So thanks again.


                        I don't mean to open a whole can of worms, but can anybody point me to a modest procedure to calibrate color? I'm working on a retina MacBook (Yosemite), and printing to Epson 4x6 semi-gloss on an Epson XP-620. I'm not quite sure how I'm supposed to set that up -- or is that also "just automatic"?


                        I'm grateful to be making progress!

                        • 9. Re: Question about print resolution
                          Lr5user-pt Level 2

                          But you are, you are opening a big can of worms. LOL

                          First of all, your monitor needs to be calibrated both for color accuracy but also brightness, so your prints match your screen.

                          For this get a colorimeter, something like the ColorMunki from x-Rite or the Spyder4 from Datacolor. With the screen calibrated, you have two choices to manage your printer. The first is to download color profiles from the paper manufacturer that were specifically made for your printer/inks/paper combination and soft proof in LR. If you are using an Epson printer and Epson papers there should be no problems in finding reasonably good profiles. For the utmost quality, and if you don't mind the cost, you need a spectrophotometer to make your own color profiles. For my needs, the manufacturer's profiles are good enough.

                          • 10. Re: Question about print resolution
                            TurnstyleNYC Level 1

                            Thanks for chiming in.


                            I thought I had read that the rMPB screen was calibrated (or at least reasonably so) "out of the box" -- not true?


                            Where would I look to download profiles? I tried variations on [epson xp-620 color profiles], but didn't really seem to find anything.



                            • 11. Re: Question about print resolution
                              Lr5user-pt Level 2

                              Unless there was a recent technical breakthrough that I am not aware of, all monitors benefit from calibration. MBPs tend to be set too bright by default, what is really nice to a general use, but a bad idea for photo editing. Monitor brightness should be set according to your working environment and in this only a colorimeter capable of ambient light reading can help you with.

                              Sorry for misleading you, but only now I realized that Epson does not consider your printer a "photo printer" (they call it a "all-in-one") and so does not provide any profiles for it.

                              • 12. Re: Question about print resolution
                                bob frost Level 3

                                Jeff Schewe who is a constultant to Adobe has said that:


                                "Just to be clear here...if your "native resolution" (which means a
                                certain PPI at a certain print output size) is less than 360 PPI, you DO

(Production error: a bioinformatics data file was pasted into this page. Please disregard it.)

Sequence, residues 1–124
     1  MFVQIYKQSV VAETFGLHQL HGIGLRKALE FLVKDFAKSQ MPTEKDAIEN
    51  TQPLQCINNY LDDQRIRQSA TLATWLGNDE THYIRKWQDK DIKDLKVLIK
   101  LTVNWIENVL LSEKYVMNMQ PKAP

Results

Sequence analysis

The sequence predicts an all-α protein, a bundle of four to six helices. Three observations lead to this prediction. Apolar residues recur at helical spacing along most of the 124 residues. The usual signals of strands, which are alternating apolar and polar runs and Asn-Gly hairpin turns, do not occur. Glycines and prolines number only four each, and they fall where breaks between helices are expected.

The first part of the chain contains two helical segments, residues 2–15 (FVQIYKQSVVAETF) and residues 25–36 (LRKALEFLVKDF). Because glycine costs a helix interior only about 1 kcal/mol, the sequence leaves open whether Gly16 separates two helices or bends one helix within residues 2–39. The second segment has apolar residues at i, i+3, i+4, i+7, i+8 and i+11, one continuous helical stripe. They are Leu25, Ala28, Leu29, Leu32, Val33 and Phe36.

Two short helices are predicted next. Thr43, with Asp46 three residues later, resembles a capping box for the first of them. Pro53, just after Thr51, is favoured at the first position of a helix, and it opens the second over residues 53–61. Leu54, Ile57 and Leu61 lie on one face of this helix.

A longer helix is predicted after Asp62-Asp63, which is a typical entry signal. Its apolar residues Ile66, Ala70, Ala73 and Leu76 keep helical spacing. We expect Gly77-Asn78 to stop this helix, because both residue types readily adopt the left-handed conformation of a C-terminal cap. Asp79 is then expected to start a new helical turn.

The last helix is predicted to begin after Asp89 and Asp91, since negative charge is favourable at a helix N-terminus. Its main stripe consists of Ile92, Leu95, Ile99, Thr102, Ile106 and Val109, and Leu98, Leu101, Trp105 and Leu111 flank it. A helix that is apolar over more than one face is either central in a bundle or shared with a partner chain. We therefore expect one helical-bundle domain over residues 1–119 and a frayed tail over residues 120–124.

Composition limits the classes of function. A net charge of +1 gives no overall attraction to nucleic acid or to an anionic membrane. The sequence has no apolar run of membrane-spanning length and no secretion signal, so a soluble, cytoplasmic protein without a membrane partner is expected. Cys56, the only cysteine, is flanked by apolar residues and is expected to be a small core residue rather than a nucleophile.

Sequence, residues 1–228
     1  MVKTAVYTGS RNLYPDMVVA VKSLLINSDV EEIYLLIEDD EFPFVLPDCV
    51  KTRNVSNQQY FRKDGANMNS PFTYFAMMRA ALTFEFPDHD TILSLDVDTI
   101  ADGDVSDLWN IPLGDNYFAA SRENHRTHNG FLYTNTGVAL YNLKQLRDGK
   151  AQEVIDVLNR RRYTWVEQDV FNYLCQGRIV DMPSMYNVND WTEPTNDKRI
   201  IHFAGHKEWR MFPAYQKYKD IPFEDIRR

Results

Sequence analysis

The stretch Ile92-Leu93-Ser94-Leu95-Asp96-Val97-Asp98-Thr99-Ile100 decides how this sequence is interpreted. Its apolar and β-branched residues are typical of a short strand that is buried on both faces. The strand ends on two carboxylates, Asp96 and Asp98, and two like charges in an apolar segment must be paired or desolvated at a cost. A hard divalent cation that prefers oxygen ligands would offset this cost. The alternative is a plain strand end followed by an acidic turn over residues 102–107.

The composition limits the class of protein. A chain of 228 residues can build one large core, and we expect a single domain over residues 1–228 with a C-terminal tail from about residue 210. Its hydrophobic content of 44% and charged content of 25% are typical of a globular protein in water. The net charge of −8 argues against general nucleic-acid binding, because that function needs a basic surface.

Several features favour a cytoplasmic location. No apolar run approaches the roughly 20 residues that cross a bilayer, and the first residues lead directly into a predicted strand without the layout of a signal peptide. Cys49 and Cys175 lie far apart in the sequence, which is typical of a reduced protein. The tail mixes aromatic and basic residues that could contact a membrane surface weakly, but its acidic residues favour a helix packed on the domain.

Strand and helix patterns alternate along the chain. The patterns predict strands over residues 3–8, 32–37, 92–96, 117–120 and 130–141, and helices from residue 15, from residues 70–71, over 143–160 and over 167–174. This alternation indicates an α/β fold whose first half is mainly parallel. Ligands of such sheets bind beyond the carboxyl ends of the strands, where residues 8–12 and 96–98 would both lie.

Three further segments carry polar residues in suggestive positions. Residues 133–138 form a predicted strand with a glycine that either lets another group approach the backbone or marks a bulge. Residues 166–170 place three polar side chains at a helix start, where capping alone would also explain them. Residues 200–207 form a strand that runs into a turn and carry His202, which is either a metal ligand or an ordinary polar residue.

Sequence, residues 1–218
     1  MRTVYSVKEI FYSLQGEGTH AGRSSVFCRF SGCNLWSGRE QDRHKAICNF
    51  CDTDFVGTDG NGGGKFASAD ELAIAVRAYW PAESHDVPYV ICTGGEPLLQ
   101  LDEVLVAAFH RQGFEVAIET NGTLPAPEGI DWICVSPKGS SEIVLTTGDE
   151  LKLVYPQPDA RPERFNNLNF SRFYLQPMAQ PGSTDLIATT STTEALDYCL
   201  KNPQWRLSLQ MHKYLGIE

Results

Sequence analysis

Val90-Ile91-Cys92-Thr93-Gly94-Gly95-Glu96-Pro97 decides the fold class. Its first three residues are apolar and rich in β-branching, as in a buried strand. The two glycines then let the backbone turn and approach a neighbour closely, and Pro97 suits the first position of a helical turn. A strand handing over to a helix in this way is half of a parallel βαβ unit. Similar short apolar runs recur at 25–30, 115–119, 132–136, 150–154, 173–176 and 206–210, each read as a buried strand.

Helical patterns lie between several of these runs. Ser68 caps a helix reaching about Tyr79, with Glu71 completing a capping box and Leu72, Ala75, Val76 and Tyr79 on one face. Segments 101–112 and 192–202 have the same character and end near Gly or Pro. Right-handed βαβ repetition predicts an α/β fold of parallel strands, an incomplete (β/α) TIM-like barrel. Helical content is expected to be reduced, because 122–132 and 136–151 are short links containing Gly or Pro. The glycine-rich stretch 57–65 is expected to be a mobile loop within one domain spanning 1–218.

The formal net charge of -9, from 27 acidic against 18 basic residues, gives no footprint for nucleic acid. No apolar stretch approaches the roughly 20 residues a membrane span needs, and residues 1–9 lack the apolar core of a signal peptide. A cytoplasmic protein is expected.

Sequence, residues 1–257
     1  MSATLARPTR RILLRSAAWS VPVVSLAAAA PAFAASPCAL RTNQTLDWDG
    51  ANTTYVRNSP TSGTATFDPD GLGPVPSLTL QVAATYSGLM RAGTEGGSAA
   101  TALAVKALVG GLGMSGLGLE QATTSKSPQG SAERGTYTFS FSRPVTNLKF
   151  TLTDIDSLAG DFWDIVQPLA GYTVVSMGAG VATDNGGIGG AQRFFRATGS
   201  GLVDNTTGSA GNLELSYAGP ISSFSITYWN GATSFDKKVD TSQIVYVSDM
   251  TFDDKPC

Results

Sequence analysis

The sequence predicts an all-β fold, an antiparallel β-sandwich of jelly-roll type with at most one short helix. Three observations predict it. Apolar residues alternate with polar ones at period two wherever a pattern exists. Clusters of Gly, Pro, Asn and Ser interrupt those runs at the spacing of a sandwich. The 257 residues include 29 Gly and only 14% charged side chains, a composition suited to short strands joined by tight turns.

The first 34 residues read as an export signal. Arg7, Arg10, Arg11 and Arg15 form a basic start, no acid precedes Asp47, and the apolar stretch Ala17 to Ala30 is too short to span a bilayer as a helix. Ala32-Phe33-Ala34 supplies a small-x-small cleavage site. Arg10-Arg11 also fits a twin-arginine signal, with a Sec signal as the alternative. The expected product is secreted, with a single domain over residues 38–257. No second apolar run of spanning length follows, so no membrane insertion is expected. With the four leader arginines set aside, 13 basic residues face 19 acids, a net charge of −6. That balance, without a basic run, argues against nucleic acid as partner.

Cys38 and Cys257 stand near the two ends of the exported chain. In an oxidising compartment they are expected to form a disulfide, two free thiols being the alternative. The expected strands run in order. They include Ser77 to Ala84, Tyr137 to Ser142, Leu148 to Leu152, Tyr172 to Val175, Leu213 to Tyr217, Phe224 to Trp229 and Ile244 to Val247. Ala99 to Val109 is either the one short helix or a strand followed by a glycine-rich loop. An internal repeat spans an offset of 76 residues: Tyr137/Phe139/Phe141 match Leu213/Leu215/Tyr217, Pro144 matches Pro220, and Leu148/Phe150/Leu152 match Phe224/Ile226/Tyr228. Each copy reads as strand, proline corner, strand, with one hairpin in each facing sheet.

want to upsample to 360 PPI (with Epson, 300 PPI for Canon/HP).

                                    If the native resolution is less than 360/300, you won't get any real
                                benefit from upsampling to 720/600 PPI. But if the output size results in a
                                resolution that is above 360/300 then there is a benefit to upsampling to
                                720 (with Finest Detail selected) or 600 (with the correct Canon/HP
                                resolution                 driver setting) when printing–assuming the
                                correct output sharpening is applied to the post-upsampled image–which is
                                easy to do in LR (tougher to do in PS).

                                    And all of the above really only applies to images printed on glossy
                                type media...if you are printing to a matte/watercolor/canvas media then
                                360/300 PPI is the visible limit."



                                The native resolution of your image (at the size you have set to print at) is found by unchecking the print resolution box and looking at the info at the top of your image in the Print module. Then you decide which value to use in the print resolution box (having rechecked it).


                                You set the printers dots resolution in the printer dialog (not the LR print dialog) and you should set it at the highest resolution it offers (why spend money on more pixels for your camera, and then throw them away while printing?). This is usually PhotoRPM in Epsons photo printers.


                                If you are printing small (6x4) you will almost certainly have more than 360 ppi at that size, so you set the print resolution in LR at 720ppi, with Finest Detail checked back in the Printer Dialog. Sound complicated, but once you have done this you save the settings as a LR 6x4 preset on your particular paper, and you don't have to do it again - you just click on that preset and it all comes back as you set it previously. I have dozens of print presets in LR for different sizes on different papers. It makes life very easy compared to Photoshop printing.


                                Jeff has written a book on this - The Digital Print - but that is probably more than you want at the moment.